copy protected media

K V vale.kenny at
Fri Jul 9 14:38:26 UTC 2010

On the contrary, I don't believe your response is OT at all.

As a dedicated user and proponent of FLOSS, part and parcel with supporting
the systems and the component software is assuring that the media we can
purchase is usable.

FLOSS is not just ones and zeros, it is a philosophy, a world view, even so
far as to say a way of living; therefore supporting it for the pure end user
is more than simply tweaking a config file or updating a package.

Suggesting actions to resolve a challenge or ameliorate a shortcoming is
identical to suggesting actions to resolve a challenge or ameliorate a
shortcoming (sic).

My $.02

On Fri, Jul 9, 2010 at 10:28 AM, C de-Avillez <hggdh2 at> wrote:

> On Fri, 9 Jul 2010 15:10:43 +0100
> nepal <nepal.roade at> wrote:
> (Rather OT, but irresistible.)
> <OT>
> > A friend has just lent me a couple of Pride DVDs but I notice they are
> > marked with a CP symbol and I cannot watch either of these DVDs, they
> > do something weird and skip to the end of the disk.
> >
> > I'm using Ubuntu 9.10 and I've tried a few different players, vlc,
> > mplayer, moovida, even Totem which never works properly and doesn't
> > for this either.
> Don't know these DVDs, but it is an almost safe bet they will run under
> Windows, or on standard DVD players ('standard' meaning DRM-compliant).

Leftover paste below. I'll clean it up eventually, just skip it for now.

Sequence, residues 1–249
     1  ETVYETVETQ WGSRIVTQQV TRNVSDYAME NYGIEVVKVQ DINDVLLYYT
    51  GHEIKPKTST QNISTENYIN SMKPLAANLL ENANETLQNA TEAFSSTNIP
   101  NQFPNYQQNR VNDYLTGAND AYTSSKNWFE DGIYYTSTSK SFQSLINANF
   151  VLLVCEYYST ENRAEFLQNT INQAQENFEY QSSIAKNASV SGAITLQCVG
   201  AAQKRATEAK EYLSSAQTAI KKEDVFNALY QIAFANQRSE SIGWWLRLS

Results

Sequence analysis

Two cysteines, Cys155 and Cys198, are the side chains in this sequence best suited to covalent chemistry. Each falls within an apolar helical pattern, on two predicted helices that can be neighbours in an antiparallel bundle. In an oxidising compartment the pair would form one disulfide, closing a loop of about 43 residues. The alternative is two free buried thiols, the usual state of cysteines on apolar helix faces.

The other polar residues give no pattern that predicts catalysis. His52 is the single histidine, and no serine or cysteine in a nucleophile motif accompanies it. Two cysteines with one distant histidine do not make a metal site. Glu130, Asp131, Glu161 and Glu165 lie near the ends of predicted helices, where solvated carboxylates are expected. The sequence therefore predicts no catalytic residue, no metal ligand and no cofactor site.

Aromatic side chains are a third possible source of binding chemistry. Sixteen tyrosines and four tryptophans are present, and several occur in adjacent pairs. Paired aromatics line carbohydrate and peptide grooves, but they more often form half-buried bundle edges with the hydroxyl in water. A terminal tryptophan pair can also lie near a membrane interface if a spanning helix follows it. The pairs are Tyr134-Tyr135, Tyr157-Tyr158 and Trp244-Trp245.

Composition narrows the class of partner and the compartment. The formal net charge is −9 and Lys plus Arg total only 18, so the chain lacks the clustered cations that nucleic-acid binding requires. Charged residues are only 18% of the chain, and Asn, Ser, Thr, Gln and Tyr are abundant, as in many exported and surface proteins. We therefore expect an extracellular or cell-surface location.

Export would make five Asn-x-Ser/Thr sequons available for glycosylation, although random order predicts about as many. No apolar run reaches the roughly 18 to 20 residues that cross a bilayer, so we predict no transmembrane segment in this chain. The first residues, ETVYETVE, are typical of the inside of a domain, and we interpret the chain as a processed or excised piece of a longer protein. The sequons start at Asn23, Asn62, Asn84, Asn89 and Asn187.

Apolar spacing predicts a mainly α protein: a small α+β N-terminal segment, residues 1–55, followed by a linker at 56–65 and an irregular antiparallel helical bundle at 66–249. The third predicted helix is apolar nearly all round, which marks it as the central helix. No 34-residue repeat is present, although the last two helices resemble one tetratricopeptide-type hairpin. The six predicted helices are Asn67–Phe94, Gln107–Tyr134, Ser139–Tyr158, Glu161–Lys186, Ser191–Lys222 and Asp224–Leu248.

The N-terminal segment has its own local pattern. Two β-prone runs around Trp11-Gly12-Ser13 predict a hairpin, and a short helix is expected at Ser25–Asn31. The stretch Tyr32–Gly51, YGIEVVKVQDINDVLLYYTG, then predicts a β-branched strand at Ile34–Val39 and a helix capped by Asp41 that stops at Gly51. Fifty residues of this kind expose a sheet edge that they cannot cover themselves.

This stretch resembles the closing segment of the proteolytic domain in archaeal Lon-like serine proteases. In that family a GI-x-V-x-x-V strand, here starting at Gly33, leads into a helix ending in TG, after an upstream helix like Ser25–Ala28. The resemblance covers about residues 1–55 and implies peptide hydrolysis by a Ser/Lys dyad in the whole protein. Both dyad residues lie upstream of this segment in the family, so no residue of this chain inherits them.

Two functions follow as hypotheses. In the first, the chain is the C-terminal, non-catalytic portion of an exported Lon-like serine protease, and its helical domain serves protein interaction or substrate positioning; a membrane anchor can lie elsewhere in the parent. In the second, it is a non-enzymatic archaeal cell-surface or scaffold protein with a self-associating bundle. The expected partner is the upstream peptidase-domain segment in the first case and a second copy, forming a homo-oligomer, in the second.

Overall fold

> >
> > Is this the new state of affairs for media? I can be legally sold
> > useless media, media that will not play in my standard piece of kit?
> No, this is not the *new* state of affairs. This is how it has been for
> quite a long time (think some tens of years, google for Digital Audio
> Tape, for example). However, please note that sometimes this is not
> actually an action from an oligopoly -- see, for example, PC games
> that state they require a video card XYZ or better.
> So yes, you can be sold media that will require compatible hardware.
> > It certainly doesn't seem to be making me want to go and spend money
> > of packaged media...
> This is why it is so important to make your representatives (to the
> government) aware you are against DRM (at least as it is). Keep in mind
> that currently, pretty much all DRM implementations only restrict and
> penalise the *legal* user.
> </OT>
> Cheers,
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